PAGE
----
Set at the foot of the Alborz mountains, Tehran, once an agricultural enclave characterized by forests and abundant mountain water, developed at the site of a citadel since medieval times. Tehran was first walled during the Safavid era, in the mid-sixteenth century. With the decline of other regional centers, Tehran replaced Shiraz as the capital of the Zand dynasty in the mid-eighteenth century, before being proclaimed the capital of the succeeding Qajar dynasty in 1795. Tehran flourished under Qajar patronage, and the city gained the addition of various gardens and complexes, perhaps the most notable being the Kakh-i Gulistan, or Gulistan Palace.
By the early twentieth century, these walls were subsumed by the continually expanding city, as the population growth reached half a million. From 1870-2/1287-9 AH, Nasir al-Din undertook the city's modernization, extending the city walls, adding decorative towers and twelve new, tiled gates. Inspired by the urban development of Paris under Napoleon III, which al-Din had witnessed personally on a visit abroad in 1873, the new walls were designed with the work of Sebastien Leprestre de Vauban in mind, and the area north of the original city transformed to the likeness of the Boulevard Haussman. New avenues and squares were constructed, among them; Meydan-e Tupkhane (Cannon Square) , Avenue Lalezar (Tulipbed Street), and Ala Od Dwale Under al-Din's direction the city quadrupled in size, and many of the gardens surrounding the city were used for further construction. The Kakh-i Gulistan was rebuilt, and became the centerpiece of the city, with the addition of turreted towers, supervised by Dust 'Ali Khan Nizam al Dawla. Polychrome tiles replaced the painted ornamentation in much of the complex, as did carved stucco and decorative mirror-work. In addition to the Kakh-i Gulistan, summer palaces were constructed in the Shimiranat villages in the city's northern suburbs.
Tehran yet again underwent expansion and modernization efforts in the mid-twentieth century, as the prosperity that accompanied the exploitation of oil from the 1950s accelerated the growth of the city. In 1979, Tehran became a hub for revolutionary activities, aimed at concluding the reign of Shah Mohammad Reza Pahlavi. The city has continued to be a site of development, with over half of Iran's total industry being based in Tehran, and the construction of many research and educational centers.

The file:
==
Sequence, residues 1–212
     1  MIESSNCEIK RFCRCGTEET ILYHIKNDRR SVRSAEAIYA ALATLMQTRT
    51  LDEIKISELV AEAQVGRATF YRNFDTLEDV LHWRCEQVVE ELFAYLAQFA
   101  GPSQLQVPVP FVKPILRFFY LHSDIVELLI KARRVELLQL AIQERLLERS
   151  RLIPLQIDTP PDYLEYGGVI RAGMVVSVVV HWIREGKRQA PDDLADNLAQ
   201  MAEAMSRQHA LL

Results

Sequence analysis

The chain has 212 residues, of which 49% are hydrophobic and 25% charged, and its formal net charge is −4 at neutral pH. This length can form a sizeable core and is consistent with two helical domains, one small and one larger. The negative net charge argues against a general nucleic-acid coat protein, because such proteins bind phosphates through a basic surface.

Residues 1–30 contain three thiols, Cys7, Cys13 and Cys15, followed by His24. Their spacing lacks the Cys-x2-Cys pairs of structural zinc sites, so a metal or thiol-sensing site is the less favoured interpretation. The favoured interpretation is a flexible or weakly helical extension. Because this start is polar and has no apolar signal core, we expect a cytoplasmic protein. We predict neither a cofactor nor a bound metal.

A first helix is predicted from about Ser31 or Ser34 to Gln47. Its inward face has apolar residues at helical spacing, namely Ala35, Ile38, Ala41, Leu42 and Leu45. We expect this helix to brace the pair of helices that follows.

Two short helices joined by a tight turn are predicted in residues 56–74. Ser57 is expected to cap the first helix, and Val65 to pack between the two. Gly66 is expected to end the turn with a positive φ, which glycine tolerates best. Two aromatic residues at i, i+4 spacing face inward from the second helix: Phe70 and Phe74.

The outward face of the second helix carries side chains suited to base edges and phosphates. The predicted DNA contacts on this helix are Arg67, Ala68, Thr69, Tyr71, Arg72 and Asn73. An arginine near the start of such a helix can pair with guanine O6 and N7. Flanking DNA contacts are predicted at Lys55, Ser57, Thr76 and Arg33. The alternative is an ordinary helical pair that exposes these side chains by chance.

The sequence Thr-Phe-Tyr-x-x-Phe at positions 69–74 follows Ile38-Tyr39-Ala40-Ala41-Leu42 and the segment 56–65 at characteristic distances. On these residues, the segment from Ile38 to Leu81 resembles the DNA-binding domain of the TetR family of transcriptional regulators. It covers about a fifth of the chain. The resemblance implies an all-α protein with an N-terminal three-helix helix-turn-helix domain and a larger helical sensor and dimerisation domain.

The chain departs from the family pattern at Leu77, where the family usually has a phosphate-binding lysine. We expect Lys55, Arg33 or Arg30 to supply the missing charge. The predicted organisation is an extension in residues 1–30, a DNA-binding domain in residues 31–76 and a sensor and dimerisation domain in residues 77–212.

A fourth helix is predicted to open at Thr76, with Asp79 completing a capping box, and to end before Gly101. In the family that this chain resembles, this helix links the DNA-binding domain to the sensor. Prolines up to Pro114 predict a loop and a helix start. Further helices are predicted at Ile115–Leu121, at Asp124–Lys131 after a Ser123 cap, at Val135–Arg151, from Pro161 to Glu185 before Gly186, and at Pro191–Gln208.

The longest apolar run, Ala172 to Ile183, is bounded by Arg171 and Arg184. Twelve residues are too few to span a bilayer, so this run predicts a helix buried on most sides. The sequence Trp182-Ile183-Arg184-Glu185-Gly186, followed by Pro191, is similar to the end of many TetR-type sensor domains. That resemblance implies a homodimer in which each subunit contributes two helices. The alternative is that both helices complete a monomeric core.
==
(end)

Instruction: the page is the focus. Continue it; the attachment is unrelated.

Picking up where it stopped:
Esmailpour Ghouchani, Iradj. '"English abstract of 'Statistics of the Capital, Tehran (Documents from Tehran’s Social History During the Qajar Era'". Translated by Niki Akhavan. In Cities as Built and Lived Environments: Scholarship from Muslim Contexts, 1875 to 2011, by Aptin Khanbaghi, 16. Edinburgh: Edinburgh University Press, 2014.
سعدوندیان، سیروس و اتحادیه، منصوره. آمار دارالخلافه تهران: اسنادی از تاریخ اجتماعی تهران در عصر قاجار. تهران: نشر تاریخ ایران، ١٣۶٨، چاپ اول، ٦۵١ص
Sa‘dvandiyan, Sirus and Ittihadiyah, Mansurah. ’Amar-i Dar al-Khilafah-i Tihran: Asnadi az Tarikh-i Ijtima‘i-i Tihran dar ‘Asr-i Qajar. Tehran: Markaz-i Furush, Nashr-i Tarikh-i Iran, 1990/1991, 1st edn, 651pp.
Statistics of the Capital, Tehran (Documents from Tehran’s Social History During the Qajar Era)
آمار دارالخلافه تهران: اسنادی از تاریخ اجتماعی تهران در عصر قاجار
This book consists of three documents from the Qajar era. The references for these documents are cited in the preface of the work.
The first document, “The Number of Houses and Other Buildings in the Spectacular Capital, Tehran”, is from the year 1852. After a four-line introduction, the document presents a list of “the number of houses”, places of religious rituals (Tikaya), shrines, mosques and shops. In this document, houses have been categorised as belonging to ordinary citizens and servants. Armenian, Turkeman and Jewish populations as well as trades-people are included in the latter category. In describing the city’s neighbourhoods, which include Ark, Oudlajan, the Bazaar, Sangelaj, Chalimeydan and a few other inhabited areas outside the city gates, the list of houses begins with the homes of the Minister in chief, princes, khans and their servants; after listing the homes of religious and other scholars, it continues with the homes of ordinary citizens. However, the structural features and physical placement of the houses are left unaddressed. In its concluding segments, the document notes the total number of places of religious ritual (Tikaya) , schools, mosques, artillery centres, warehouses, shrines, doctors’ clinics, weapons warehouses, and unusable urban lands.
The second document is an eight-page text called “Geography of the Resident Population of the Protector Capital”, which was edited by Abdul-Ghafar Mujnem-Bashi in 1869. Four pages of this document are devoted to covering the methods and shortcomings of the statistical approach.
The last document of this book, “Identifying and Recording Buildings in the Areas Near the Trenches around the Spectacular Capital”, is by Akhzar Alishah and dates to 1899. The method of classifying neighbourhoods is the same in the first and second documents. In the third document, however, which dates to the era of Muzaffaredin Shah, the names and order of the neighbourhoods have changed and been labelled as “hangouts”. Generally, this is done in accordance with the names of persons who have the title of “deputy” such as “the hangout of deputy Aziz”. In addition, many transit areas are marked with the label “police” such as the transit area called “Abbas Police”.
Despite the fact that one of the documents is entitled “geography”, none of its pages contains a map of Tehran. At the same time, all three documents provide a sense of the urban space of Tehran during the beginning and middle years of Nassirdin Shah’s reign as well as the beginning of the reign of his son, Muzaffaridin Shah Qajar. As such, the book may be of notable interest to historians and anthropologists, as well as city planning researchers.